Which is best for man, and for society, abundance or scarcity?
What! you exclaim, can that be a question? Has any one ever asserted, or is it possible to maintain, that scarcity is at the foundation of human wellbeing?
Yes, this has been asserted, and is maintained every day; and I hesitate not to affirm that the theory of scarcity is much the most popular. It is the life of conversation, of the journals, of books, and of the tribune; and strange as it may seem, it is certain that Political Economy will have fulfilled its practical mission when it has established beyond question, and widely disseminated, this very simple proposition: “The wealth of men consists in the abundance of commodities.”
Do we not hear it said every day, “The foreigner is about to inundate us with his products?” Then we fear abundance.
Did not M. Saint Cricq exclaim, “Production is excessive?” Then he feared abundance.
Do workmen break machines? Then they fear excess of production, or abundance.
Has not M. Bugeaud pronounced these words, “Let bread be dear, and agriculturists will get rich?” Now, bread cannot be dear but because it is scarce. Therefore M. Bugeaud extols scarcity.
Does not M. d’Argout urge as an argument against sugar-growing the very productiveness of that industry? Does he not say, “Beetroot has no future, and its culture cannot be extended, because a few acres devoted to its culture in each department would supply the whole consumption of France?” Then, in his eyes, good lies in sterility, in dearth, and evil in fertility and abundance.
The Presse, the Commerce, and the greater part of the daily papers, have one or more articles every morning to demonstrate to the Chambers and the Government, that it is sound policy to raise legislatively the price of all things by means of tariffs. And do the Chambers and the Government not obey the injunction? Now tariffs can raise prices only by diminishing the supply of commodities in the market! Then the journals, the Chambers, and the Minister, put in practice the theory of scarcity, and I am justified in saying that this theory is by far the most popular.
How does it happen that in the eyes of workmen, of publicists, and statesmen, abundance should appear a thing to be dreaded, and scarcity advantageous? I propose to trace this illusion to its source.
We remark that a man grows richer in proportion to the return yielded by his exertions, that is to say, in proportion as he sells his commodity at a higher price. He sells at a higher price in proportion to the rarity, to the scarcity, of the article he produces. We conclude from this, that, as far as he is concerned at least, scarcity enriches him. Applying successively the same reasoning to all other producers, we construct the theory of scarcity. We next proceed to apply this theory, and, in order to favour producers generally, we raise prices artificially, and cause a scarcity of all commodities, by prohibition, by restriction, by the suppression of machinery, and other analogous means.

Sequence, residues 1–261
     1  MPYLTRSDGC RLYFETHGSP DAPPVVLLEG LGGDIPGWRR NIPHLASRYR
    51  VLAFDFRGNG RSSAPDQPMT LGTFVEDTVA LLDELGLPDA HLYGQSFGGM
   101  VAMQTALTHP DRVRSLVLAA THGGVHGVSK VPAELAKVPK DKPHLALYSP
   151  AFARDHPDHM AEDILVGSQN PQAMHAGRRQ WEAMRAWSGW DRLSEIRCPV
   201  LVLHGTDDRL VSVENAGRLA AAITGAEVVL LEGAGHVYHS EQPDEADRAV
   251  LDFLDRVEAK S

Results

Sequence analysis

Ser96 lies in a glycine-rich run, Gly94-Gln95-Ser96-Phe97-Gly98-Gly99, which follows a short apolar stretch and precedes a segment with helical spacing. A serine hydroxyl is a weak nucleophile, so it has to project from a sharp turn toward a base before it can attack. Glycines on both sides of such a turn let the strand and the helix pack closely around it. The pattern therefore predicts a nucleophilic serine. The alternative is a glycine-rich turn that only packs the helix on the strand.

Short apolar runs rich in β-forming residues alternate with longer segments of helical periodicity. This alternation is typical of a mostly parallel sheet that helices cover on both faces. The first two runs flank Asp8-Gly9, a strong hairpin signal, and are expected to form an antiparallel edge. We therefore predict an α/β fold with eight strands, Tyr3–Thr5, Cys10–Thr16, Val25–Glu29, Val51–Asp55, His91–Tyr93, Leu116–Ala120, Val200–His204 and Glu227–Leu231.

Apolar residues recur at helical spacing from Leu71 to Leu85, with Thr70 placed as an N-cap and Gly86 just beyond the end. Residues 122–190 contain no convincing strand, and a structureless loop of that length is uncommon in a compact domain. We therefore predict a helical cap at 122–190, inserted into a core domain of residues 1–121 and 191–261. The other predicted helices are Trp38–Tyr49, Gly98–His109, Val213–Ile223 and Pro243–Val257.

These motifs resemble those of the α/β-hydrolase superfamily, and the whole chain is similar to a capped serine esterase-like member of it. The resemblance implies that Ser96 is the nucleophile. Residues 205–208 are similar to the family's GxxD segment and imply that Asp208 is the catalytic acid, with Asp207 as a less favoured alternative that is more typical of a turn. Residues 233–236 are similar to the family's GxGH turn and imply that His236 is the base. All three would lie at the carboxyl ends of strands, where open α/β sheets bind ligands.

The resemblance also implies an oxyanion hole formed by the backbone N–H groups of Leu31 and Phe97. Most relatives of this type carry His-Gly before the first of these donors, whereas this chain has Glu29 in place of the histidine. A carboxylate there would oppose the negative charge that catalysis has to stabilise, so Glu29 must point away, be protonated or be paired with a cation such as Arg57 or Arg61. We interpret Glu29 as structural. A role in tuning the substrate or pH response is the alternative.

The same thing holds of abundance. We observe that when a product is plentiful, it sells at a lower price, and the producer gains less. If all producers are in the same situation, they are all poor. Therefore it is abundance that ruins society. And as theories are soon reduced to practice, we see the law struggling against the abundance of commodities.
This sophism in its more general form may make little impression, but applied to a particular order of facts, to a certain branch of industry, to a given class, of producers, it is extremely specious; and this is easily explained. It forms a syllogism which is not false, but incomplete. Now, what is true in a syllogism is always and necessarily present to the mind. But incompleteness is a negative quality, an absent datum, which it is very possible, and indeed very easy, to leave out of account.
Man produces in order to consume. He is at once producer and consumer. The reasoning which I have just explained considers him only in the first of these points of view. Had the second been taken into account, it would have led to an opposite conclusion. In effect, may it not be said: —
The consumer is richer in proportion as he purchases all things cheaper; and he purchases things cheaper in proportion to their abundance; therefore it is abundance which enriches him. This reasoning, extended to all consumers, leads to the theory of plenty.